Katie’s Life of Anti-Nuclear Activism
Katie’s career as an anti-nuclear activist began when a search of records reported by the owner of the Millstone Nuclear Power Plant in Waterford CT revealed that the milk Katie donated to Dominion for its environmental radiological sampling program contained exceptionally high concentrations of strontium-90, a carcinogen produced only in nuclear fission. Katie was living five miles northeast of Millstone at the time.
With a concentration of 55 picoCuries/liter in 2001, Katie’s milk contained the highest level of strontium-90 ever detected in the state of Connecticut, perhaps the nation. That number was twice the highest concentration recorded in milk sampled in Connecticut during the peak of atmospheric nuclear weapons testing in the 1960s. Most samples of Katie’s milk had elevated levels of strontium-90, as well as strontium-89 and cesium-137. All are potent carcinogens. The strontiums mimic calcium and concentrate in human bones and teeth, disrupting blood cell production and causing leukemia, breast cancer, lung cancer and disorders of the immune system. Developing babies, young children and all females are most vulnerable.
Goat milk is considered the most sensitive indicator of radiological contamination of the environment. Dominion, Millstone’s owner, stopped its own real-time station monitoring for radioactive strontium, relying instead on sampling local goat milk to measure its strontium releases. The U.S. Nuclear Regulatory Commission accepted this revision of Dominion’s radiological environmental sampling program.
Using Dominion’s environmental reports, the Connecticut Coalition Against Millstone located Katie at her goat farm at 22 Dayton Road in Waterford, 5 miles northeast of the Millstone Nuclear Power Station.
Eventually, the Coalition adopted Katie from her farmer, as he was moving, and Katie moved to East Lyme, the town adjoining Waterford which also fronts Niantic Bay and the Long Island Sound.
After Katie mated with Nubie – a union that produced Cindy-Lu and Joe-Joe – Katie’s milk flowed. As it was sent off to a lab for analysis, Katie and her kids commenced their public campaign to alert the world that a nuclear power plant was poisoning goat milk and human health was at risk..
Katie & Company got ready to hit the road. Six years of adventures were to follow.
Katie’s first stop was the Governor’s office in Hartford, Connecticut. As then-Gov. Jodi Rell had only recently undergone a mastectomy for breast cancer, it was assumed she would warm to the issue of why Katie’s “breast” (i.e., udders) released poisonous rather than pure mother’s milk.
But Gov. Rell scorned Katie and wanted no part of her press conference. Nevertheless, pressed by an insistent news media demanding a response, Rell directed the state’s Department of Environmental Protection to investigate.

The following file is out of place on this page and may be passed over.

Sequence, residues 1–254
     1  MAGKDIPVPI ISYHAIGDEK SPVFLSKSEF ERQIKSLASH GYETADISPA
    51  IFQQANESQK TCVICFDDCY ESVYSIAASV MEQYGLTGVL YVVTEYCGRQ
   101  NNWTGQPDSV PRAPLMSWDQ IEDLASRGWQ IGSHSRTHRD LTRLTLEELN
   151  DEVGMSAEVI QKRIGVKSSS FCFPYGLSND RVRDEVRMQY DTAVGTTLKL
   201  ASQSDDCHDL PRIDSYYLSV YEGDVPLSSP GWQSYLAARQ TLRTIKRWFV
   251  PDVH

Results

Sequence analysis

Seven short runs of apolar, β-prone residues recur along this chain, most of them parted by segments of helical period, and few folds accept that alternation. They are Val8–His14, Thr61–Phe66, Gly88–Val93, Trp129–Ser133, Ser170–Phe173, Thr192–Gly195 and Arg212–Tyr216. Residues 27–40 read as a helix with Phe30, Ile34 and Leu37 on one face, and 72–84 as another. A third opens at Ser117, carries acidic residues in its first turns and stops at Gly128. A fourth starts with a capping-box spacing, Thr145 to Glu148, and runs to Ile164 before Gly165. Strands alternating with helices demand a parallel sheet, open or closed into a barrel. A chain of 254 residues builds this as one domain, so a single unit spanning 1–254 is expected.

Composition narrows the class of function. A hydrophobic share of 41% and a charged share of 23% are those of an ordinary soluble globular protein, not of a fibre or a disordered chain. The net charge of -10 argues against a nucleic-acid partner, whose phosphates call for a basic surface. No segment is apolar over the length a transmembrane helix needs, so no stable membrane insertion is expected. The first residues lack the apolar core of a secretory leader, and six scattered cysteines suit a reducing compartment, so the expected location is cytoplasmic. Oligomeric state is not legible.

It did not take long for the DEP to release a report absolving Dominion of any blame for the radioactive strontium in Katie’s milk. The DEP report failed to offer a credible alternative explanation. Two scientists, one a former Millstone nuclear engineer and the other a professor emeritus of radiation physics, mocked the DEP’s report as junk science and produced scathing analyses of its errors. Both scientists persisted in efforts to meet with the authors of the DEP report to correct its obvious errors, to no avail.
The DEP Commissioner who took responsibility for the report exculpating Dominion was Gina McCarthy. McCarthy would later be catapulted to national power as President Obama’s pick to head U.S. EPA’s Air and Radiation Bureau. She would be Obama’s highest appointed official responsible for radiation protection for all Americans. But the word “radiation” was never uttered during her Senate confirmation hearing other than referencing her new title. Not a single senator asked her about her experience regarding radiation protection. The Fukushima nuclear catastrophe put a focus on the U.S. radiation monitoring program which she directed. One-third of the air radiation monitors under McCarthy’s control were broken at the outset of the catastrophe, according to the EPA’s own internal investigation. The overall air radiation monitoring program was exposed for its absurd inadequacy, but McCarthy stopped EPA’s nationwide monitoring for Fukushima radiation early into the aftermath of the disaster.
Katie’s Hartford press conference won the attention of all the state’s news media, but it did little to upset the cozy relationship between Commissioner McCarthy and her DEP and the corporate owners of the Millstone Nuclear Power Station. And it did nothing to halt Millstone’s routine – daily and continuous – releases of toxic radiation into the environment.
Katie took her message on the road. She had a song to sing and she would sing it loud. She appeared with her kids, Cindy-Lu and Joe-Joe, at the “Clean Beaches” rally at Liberty Park in East Lyme and Hole-in-the-Wall Beach across the Niantic Bay from Millstone. Amidst the banjo playing and drumming and speeches and banners and signs, Katie gamely stood still to be milked during her segment of the program.